Earlier this month, Nigerian President Muhammadu Buhari reiterated his campaign to revive Lake Chad and expanded his push to enlist European and North American countries in the project.
Lake Chad supports nearly 30 million people who live in Chad, Cameroon, Niger and Nigeria.
This is due to both climate change and water mismanagement, and has spurred regional conflict, devastation and large-scale migration.
Buhari said in a statement that “climate change is real … We are trying to prick the conscience of the developed countries that have the resources and the technology to quickly execute the interbasin transfer from Congo Basin to Chad Basin.”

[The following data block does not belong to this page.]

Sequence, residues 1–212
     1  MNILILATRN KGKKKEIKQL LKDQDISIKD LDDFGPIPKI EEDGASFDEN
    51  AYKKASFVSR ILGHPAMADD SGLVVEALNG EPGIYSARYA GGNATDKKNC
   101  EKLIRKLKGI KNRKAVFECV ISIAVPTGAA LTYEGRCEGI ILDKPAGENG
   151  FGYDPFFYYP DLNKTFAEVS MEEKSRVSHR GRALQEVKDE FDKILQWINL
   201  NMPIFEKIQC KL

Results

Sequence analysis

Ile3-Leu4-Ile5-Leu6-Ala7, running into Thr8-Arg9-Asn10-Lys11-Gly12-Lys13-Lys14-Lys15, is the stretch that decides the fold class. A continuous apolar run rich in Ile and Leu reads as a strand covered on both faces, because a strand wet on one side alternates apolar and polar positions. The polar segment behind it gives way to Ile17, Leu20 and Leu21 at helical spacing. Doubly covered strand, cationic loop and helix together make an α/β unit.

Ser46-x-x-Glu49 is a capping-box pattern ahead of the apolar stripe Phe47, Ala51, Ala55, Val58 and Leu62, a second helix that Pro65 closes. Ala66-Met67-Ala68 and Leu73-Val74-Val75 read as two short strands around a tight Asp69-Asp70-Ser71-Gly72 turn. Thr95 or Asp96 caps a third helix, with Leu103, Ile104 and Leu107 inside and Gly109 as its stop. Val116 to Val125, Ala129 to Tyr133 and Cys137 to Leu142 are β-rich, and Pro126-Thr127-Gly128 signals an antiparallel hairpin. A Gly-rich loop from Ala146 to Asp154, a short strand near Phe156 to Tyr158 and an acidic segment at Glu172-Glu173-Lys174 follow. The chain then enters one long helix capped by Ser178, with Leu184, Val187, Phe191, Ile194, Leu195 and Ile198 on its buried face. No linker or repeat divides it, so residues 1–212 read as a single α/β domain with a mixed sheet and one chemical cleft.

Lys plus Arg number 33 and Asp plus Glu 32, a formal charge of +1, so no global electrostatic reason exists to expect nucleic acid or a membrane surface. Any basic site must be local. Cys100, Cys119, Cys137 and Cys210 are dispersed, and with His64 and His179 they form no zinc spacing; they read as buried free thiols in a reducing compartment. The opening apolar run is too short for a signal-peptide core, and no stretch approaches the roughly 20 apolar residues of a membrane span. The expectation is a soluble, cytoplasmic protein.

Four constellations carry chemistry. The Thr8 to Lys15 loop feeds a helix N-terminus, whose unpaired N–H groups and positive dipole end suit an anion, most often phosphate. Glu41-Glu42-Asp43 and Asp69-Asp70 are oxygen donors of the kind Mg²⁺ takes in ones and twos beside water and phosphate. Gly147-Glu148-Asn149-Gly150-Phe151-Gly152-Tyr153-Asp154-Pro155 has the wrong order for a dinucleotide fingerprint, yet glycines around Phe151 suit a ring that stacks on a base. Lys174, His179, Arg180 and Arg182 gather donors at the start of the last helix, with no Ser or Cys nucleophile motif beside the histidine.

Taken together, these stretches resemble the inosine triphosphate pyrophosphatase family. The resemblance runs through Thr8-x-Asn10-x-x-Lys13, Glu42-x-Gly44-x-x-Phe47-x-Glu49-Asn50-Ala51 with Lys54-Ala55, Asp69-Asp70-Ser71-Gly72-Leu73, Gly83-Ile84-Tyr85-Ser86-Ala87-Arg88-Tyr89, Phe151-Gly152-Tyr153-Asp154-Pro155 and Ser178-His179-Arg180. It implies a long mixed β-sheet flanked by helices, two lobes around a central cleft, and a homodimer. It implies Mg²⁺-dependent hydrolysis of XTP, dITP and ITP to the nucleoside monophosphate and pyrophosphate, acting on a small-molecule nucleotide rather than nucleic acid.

Last summer, Nigeria announced an ambitious plan to begin a “recharge” of Lake Chad by digging a 1,553-mile channel from the Congo River Basin to bring new water. It is estimated to cost $23 billion.
Buhari said that helping Africa create an interbasin water-transfer system is the greatest investment donor countries can make in Africa, because it will discourage migration by “people who depended on the lake for fishing, farming, animal husbandry,” and other activities dependent on the lake’s currently receding waters.
Sources: This Day (Nigeria), The Nation (Nigeria)